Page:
Escaping the Ordinary: Discovering Puerto Rico

Scuba Diving | Puerto Rico coastline

Puerto Rico might not be the center of the universe, but for perhaps 200 years it was considered the gateway to the Caribbean. Ships sailing from Europe to the New World would travel south to Africa, and then pick up the trade winds that carried them west across the Atlantic. The journey would be arduous, and after weeks on the open ocean, crews would seek shelter, water and supplies in a safe port on the island paradise of Puerto Rico. Revived and resupplied, they could continue on their way to destinations on the Spanish Main, spanning the New World coastline from Florida to South America. In those days, whoever controlled Puerto Rico controlled access to the New World. Puerto Rico was a coveted possession — a truly “Rich Port.” Visiting Puerto Rico today, we find a tropical paradise rich in history and nature, shrouded in legend and myth, and steeped in romantic images of pirates and gold.

Geography

Puerto Rico is the smallest and most eastern island of the Greater Antilles archipelago, which skirts the northern Caribbean and includes Cuba, the Caymans, Hispaniola (the Dominican Republic and Haiti) and Jamaica. With the North Atlantic ocean to the north and the Caribbean to the south, the roughly rectangular mainland is 110 by 40 miles (176 by 64 km), with an area just over 3,500 square miles (9,100 sq km); roughly two-thirds the size of Connecticut. Sixty percent of the island is mountainous with the “La Cordillera Central” range stretching east-west across the island. Some 50 rivers originate in the mountains, tumbling to the shores both north and south. The Sierra de Luquillo Mountains in the northeast portion of the island catch the warm, moist trade winds, and send 100-200 inches (254-508 cm) of annual rainfall cascading down the mountainsides through the lush rain forest known as El Yunque.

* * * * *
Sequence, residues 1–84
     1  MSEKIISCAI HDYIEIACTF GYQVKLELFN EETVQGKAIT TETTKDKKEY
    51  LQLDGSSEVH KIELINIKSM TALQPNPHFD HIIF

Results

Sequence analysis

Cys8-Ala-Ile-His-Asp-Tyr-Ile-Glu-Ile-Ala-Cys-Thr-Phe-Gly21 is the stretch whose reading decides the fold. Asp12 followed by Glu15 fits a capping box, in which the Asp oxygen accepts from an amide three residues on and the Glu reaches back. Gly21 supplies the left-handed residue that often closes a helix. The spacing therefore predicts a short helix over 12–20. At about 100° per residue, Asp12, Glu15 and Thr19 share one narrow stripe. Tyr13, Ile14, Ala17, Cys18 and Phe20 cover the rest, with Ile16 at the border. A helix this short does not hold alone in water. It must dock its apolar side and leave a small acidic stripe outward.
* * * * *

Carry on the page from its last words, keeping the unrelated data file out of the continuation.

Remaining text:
To the north of the mountains is a rocky, limestone karst region, giving way to spectacular sandy beaches intermixed with rocky shoreline and barrier reefs. The capital city of San Juan is located on the north coast, set on a deep-water, natural bay with an easily defended islet. A coastal plain stretches across the southern mainland, where just a few miles offshore the bottom simply falls away. Puerto Rico is surrounded on the east, west and south by a steep continental shelf dropping precipitously, reaching depths of more than 1,000 feet (303 m).

A Brief History

Puerto Rico was first sighted by Columbus on his second voyage to the New World. In 1508, Ponce de Leon started a Spanish colony, and began displacing the native Taino Indians, leading to a bloody revolt in 1508. The city of San Juan was founded in 1521, and fortifications to protect the port began in 1533, with construction of the Castillo San Filipe del Morro fort started in 1539. It would be some 250 years (1783) before the fortifications were completed.

A coveted, strategic port controlling access to the New World and its riches, Puerto Rico was a major military post throughout much of the 16th, 17th and 18th centuries. Following repeated attacks by the English, a second fort called El Canuelo was constructed just half a mile (0.8 km) across the islet from Del Morro, allowing protection of the harbor entrance with a deadly crossfire. Puerto Rico was now a shining jewel of the Spanish Crown.

Following attacks by the English and Dutch, construction of a wall around San Juan was initiated in 1634, but was not completed until 1790. The island remained under Spanish rule until the Spanish-American war. Puerto Rico became a U.S. territory in 1898.

Puerto Rico school of fish

Diving

Puerto Rico may not have earned the reputation of other Caribbean dive destinations, but its treasures are legendary. If you only have a few hours to squeeze in some diving, check out the reef at the Condado district, right on the San Juan waterfront. The coral-encrusted lava labyrinth is home to angels, jacks, wrasses and butterflyfish, and ever-present crabs, octopuses, coral shrimp and sea horses. Visibility is less than ideal — typically 10-20 feet (3-6 m) — but it’s perfect for Open Water certifications and night dives.

In general, the diving gets better the farther you travel from San Juan. To the east is the coastal town of Fajardo (Fa-HARD-oh), where you can explore the mysteries of the eelgrass beds, or poke around the coral reefs, small walls and caverns. Visibility is typically over 50 feet (15 m), with enormous coral heads and strikingly delicate gorgonians. Further east, Cayo Diablo is home to moray eels, barracuda and the occasional manatee.

South of Fajardo is Humacao (OOM-a-cow) with myriad delightful dive sites. Check out “the Cracks” where massive fractures in the lava bed form walls, channels, caves and tunnels. In the spring, dolphins are often seen in their breeding grounds at Basslet Reef.

More exceptional is the diving off the south coast of Puerto Rico, where the continental shelf plunges from about 60 to 100 feet (18 to 30 m) to more than 1,500 feet (455 m). A wall running parallel from the village of La Pargauera to the city of Ponce is home to a plethora of elkhorn and staghorn coral and visibility that at times exceeds 100 feet. It’s been compared to the wall in the Cayman Islands.